Three common fallacies in today's popular claims of a 'driver shortage,' in some ways resembling 'peak oil' hysteria of old

Aaron Terrazas With Bio 604ffc991fc02 Copy
Updated Dec 12, 2021
convoy truck driver counts have recovered but ind. payrolls lag graph
Part of what’s missing from loud “driver shortage” claims issued all around national media is the reality shown in the chart. Though the owner-op-excluding Bureau of Labor Statistics “Truck Transportation” payroll numbers (charted on the top line) continue to lag below pre-pandemic levels, Current Population Survey estimates (including owners who drive) show driver numbers have rebounded, and then some.

In recent weeks, it has been hard to look at a newspaper or tune into the business news without seeing a headline about so-called “trucker shortages.”

This is not a new conundrum, of course. Talk of labor shortages always tends to bubble up whenever the freight market tightens for an extended period. There’s no denying that right now, businesses and consumers alike are feeling the effects of near-term demand spikes -- and the supply chain’s immediate limitations, including “driver shortages,” to address this demand. Even so, the current chatter feels extreme. 

To some degree, labor shortages are now, and have always been, somewhat of a Rorschach test: Employers looking to hire tend to see shortages around every corner and workers seeking work perennially see seemingly simple solutions in higher wages and more on-the-job training.

For most people, the idea of a labor shortage is fairly straightforward: When demand for a particular type of worker exceeds supply, that’s a shortage. But the whole concept gets muddier once you move beyond the knee-jerk intuition of Economics 101. The current industry conversation falls victim to three common fallacies. 

First fallacy: Incomplete information

First is the fallacy of incomplete information.

Two pieces of data are commonly used to support the idea that there is a trucker shortage: The employment level and average wage reported by the Bureau of Labor Statistics’ (BLS) monthly Current Employment Situation report (often referred to as the “Jobs Report”).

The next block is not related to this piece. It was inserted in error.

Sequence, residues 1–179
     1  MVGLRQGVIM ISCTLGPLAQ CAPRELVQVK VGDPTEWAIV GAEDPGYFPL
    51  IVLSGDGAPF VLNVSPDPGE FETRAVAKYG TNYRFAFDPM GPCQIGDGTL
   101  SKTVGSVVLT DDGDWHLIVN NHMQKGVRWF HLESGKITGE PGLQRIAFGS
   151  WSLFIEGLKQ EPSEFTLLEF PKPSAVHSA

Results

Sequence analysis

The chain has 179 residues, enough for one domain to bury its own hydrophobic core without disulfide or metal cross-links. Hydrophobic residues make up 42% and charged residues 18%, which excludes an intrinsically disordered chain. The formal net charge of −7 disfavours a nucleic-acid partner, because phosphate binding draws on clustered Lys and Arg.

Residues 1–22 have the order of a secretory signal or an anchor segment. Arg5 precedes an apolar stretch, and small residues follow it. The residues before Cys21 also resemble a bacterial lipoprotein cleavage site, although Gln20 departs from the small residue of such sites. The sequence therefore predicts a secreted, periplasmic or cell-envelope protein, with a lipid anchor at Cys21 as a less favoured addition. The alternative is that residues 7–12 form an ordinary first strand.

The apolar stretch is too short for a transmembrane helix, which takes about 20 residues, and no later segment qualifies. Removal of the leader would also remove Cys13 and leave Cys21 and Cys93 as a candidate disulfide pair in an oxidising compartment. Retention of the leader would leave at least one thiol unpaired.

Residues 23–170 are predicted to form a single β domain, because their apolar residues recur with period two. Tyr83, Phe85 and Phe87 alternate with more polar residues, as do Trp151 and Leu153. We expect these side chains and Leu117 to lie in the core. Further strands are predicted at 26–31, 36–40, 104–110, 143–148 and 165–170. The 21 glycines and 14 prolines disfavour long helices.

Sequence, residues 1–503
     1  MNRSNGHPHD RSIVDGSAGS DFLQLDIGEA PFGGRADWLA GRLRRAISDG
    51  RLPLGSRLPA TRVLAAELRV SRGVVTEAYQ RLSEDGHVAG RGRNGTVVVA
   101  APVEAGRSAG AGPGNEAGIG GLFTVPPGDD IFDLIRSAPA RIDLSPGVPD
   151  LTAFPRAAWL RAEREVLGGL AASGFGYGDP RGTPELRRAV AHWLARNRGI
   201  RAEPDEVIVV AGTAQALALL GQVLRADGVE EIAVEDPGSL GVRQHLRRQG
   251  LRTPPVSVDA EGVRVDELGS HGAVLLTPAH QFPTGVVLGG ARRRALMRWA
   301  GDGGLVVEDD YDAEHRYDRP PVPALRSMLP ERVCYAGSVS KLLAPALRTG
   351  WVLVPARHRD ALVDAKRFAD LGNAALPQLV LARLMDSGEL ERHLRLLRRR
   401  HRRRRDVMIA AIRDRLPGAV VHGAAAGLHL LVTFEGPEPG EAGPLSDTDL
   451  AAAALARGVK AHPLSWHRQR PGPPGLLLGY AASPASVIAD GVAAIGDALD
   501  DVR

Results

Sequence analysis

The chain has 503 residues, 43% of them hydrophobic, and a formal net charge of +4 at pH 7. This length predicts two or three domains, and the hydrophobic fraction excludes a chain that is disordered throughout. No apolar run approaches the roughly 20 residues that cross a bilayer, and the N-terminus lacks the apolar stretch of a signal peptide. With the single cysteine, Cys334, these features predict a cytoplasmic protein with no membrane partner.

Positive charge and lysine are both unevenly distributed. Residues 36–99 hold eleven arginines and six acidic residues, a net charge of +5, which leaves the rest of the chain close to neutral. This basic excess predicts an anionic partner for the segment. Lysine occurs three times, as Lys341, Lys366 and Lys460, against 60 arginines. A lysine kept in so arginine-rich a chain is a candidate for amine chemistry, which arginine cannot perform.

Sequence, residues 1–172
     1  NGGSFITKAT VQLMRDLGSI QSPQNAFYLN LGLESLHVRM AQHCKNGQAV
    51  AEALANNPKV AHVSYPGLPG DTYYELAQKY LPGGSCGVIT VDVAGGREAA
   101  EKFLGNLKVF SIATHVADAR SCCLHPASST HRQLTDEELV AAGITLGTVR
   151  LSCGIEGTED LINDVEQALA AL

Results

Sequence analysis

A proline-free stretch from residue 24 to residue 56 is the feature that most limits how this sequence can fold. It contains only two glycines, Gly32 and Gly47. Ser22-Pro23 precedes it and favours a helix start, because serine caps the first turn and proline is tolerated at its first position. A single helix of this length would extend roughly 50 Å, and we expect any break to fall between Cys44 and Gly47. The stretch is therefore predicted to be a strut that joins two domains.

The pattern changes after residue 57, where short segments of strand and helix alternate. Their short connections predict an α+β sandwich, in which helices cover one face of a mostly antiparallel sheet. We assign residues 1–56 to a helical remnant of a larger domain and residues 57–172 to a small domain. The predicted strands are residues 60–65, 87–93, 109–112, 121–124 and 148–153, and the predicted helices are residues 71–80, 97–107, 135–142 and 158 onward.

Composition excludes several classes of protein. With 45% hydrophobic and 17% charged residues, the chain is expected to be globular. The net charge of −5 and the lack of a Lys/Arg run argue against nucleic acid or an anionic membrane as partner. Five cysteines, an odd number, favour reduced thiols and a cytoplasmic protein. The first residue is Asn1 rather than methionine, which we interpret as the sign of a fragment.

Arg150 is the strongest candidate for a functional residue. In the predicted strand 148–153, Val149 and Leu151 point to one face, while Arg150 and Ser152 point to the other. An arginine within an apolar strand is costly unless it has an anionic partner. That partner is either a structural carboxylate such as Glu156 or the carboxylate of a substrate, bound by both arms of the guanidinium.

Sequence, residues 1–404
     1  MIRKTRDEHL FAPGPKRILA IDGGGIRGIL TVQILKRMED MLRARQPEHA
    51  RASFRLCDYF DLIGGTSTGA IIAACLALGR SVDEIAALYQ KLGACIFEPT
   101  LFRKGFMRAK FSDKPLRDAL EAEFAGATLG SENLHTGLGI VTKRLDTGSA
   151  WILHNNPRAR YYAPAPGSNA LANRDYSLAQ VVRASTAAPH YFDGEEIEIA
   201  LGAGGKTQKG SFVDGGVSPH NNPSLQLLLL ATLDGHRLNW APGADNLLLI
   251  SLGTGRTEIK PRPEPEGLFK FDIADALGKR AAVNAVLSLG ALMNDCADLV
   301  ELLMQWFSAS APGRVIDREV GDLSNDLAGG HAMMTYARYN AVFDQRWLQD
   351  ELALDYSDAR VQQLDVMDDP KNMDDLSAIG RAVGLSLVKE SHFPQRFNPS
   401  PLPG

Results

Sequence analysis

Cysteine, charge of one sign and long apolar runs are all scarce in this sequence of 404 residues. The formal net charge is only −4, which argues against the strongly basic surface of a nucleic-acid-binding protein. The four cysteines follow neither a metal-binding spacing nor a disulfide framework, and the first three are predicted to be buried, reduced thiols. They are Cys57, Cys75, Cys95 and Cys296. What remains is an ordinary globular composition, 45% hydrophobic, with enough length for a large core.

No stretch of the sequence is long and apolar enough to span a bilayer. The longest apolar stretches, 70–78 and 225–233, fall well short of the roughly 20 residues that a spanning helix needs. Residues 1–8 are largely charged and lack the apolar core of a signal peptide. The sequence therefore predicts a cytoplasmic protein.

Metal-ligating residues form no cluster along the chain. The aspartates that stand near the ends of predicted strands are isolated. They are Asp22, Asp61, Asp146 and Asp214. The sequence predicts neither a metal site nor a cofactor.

On the surface, the interpretation of the employment level and growth rate of wages should be obvious: As of late November, the number of seasonally-adjusted trucking industry jobs remained slightly below where it was right before the pandemic, and transportation worker wages have been growing at their fastest pace since the early 1980s.

But beneath the surface, things aren’t what they seem. 

The BLS employment data are based on “payroll employment” -- which only counts the number of workers on employer payrolls. For most industries, that’s fine, but it’s a big problem in trucking because it excludes independent contractors. In 2021 independent drivers were the fastest growing segment and now account for nearly 40 percent of truckers, by my estimation. Yet they aren’t included in the data that is often the basis for the “shortage.”

[Related: 'Driver shortage' claims miss self-employment explosion

In addition, workers who are between jobs -- having quit a prior job and already having lined up their next one -- are not counted in the BLS payroll data. During periods when the quit rate accelerates, such as the present, the payroll data probably undercounts employment. Given the current industry quit rate, this matters to the magnitude of 6,000 to 11,000 workers nationwide who have jobs but who aren’t being counted as employed in the official statistics due to definitions and data collection practices. 

There are a number of other issues associated with the average wage rates reported in the monthly Jobs Report -- most prominently, the fact that it makes no attempt to control for the shifting composition of the workforce. (For example, historically, when new college grads hit the labor market each June, average wages dip -- if nothing else, that’s because entry-level workers tend to be paid less than more experienced workers, pulling averages where college grads are highly represented down slightly.) The key to note is that the data doesn’t show wage growth for individual workers, but rather it shows wage growth across a constantly shifting pool of workers.

Equally important right now: Wages are nominal -- not real (inflation-adjusted) -- wages. Like an all-in brokered rate after weeks of fuel-price hikes, when inflation accelerates as it has in recent months, wage growth looks stronger than the purchasing power workers actually feel. So while recent nominal wage growth for transportation and warehousing workers was an eye-popping 8.2 percent annually in October 2021, real wage growth was a much more modest 3.4 percent. That’s still high compared to the essentially zero growth in real wages over the past two decades, but it’s still low relative to other service sectors. (Like the data on employment levels, the BLS wage data exclude owner-operator income performance.)